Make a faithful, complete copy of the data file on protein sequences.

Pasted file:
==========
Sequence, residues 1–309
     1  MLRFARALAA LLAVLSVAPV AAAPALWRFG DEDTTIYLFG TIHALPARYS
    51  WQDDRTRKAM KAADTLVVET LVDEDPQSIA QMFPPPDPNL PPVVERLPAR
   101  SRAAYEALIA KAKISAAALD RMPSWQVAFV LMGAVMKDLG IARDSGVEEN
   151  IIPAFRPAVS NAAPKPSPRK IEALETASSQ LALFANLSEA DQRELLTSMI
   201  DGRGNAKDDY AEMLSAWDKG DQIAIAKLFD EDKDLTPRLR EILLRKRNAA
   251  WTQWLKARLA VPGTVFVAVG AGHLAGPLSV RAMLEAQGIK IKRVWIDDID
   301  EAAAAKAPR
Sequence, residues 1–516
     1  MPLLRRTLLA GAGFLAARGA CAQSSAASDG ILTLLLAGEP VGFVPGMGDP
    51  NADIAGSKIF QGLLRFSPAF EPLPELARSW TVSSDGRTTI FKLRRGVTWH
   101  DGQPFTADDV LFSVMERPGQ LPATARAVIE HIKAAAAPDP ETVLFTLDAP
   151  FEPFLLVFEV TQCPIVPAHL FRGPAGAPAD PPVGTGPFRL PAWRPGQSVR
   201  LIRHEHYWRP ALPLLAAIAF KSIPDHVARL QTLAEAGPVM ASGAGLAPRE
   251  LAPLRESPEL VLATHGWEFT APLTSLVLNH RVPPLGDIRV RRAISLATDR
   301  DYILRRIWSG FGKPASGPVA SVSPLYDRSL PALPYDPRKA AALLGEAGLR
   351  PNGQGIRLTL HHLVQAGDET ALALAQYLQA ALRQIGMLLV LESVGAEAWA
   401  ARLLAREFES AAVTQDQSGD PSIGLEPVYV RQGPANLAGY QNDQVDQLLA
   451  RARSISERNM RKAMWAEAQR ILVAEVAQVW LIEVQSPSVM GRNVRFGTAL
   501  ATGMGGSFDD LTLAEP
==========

Sequence, residues 1–309
     1  MLRFARALAA LLAVLSVAPV AAAPALWRFG DEDTTIYLFG TIHALPARYS
    51  WQDDRTRKAM KAADTLVVET LVDEDPQSIA QMFPPPDPNL PPVVERLPAR
   101  SRAAYEALIA KAKISAAALD RMPSWQVAFV LMGAVMKDLG IARDSGVEEN
   151  IIPAFRPAVS NAAPKPSPRK IEALETASSQ LALFANLSEA DQRELLTSMI
   201  DGRGNAKDDY AEMLSAWDKG DQIAIAKLFD EDKDLTPRLR EILLRKRNAA
   251  WTQWLKARLA VPGTVFVAVG AGHLAGPLSV RAMLEAQGIK IKRVWIDDID
   301  EAAAAKAPR
Sequence, residues 1–516
     1  MPLLRRTLLA GAGFLAARGA CAQSSAASDG ILTLLLAGEP VGFVPGMGDP
    51  NADIAGSKIF QGLLRFSPAF EPLPELARSW TVSSDGRTTI FKLRRGVTWH
   101  DGQPFTADDV LFSVMERPGQ LPATARAVIE HIKAAAAPDP ETVLFTLDAP
   151  FEPFLLVFEV TQCPIVPAHL FRGPAGAPAD PPVGTGPFRL PAWRPGQSVR
   201  LIRHEHYWRP ALPLLAAIAF KSIPDHVARL QTLAEAGPVM ASGAGLAPRE
   251  LAPLRESPEL VLATHGWEFT APLTSLVLNH RVPPLGDIRV RRAISLATDR
   301  DYILRRIWSG FGKPASGPVA SVSPLYDRSL PALPYDPRKA AALLGEAGLR
   351  PNGQGIRLTL HHLVQAGDET ALALAQYLQA ALRQIGMLLV LESVGAEAWA
   401  ARLLAREFES AAVTQDQSGD PSIGLEPVYV RQGPANLAGY QNDQVDQLLA
   451  RARSISERNM RKAMWAEAQR ILVAEVAQVW LIEVQSPSVM GRNVRFGTAL
   501  ATGMGGSFDD LTLAEP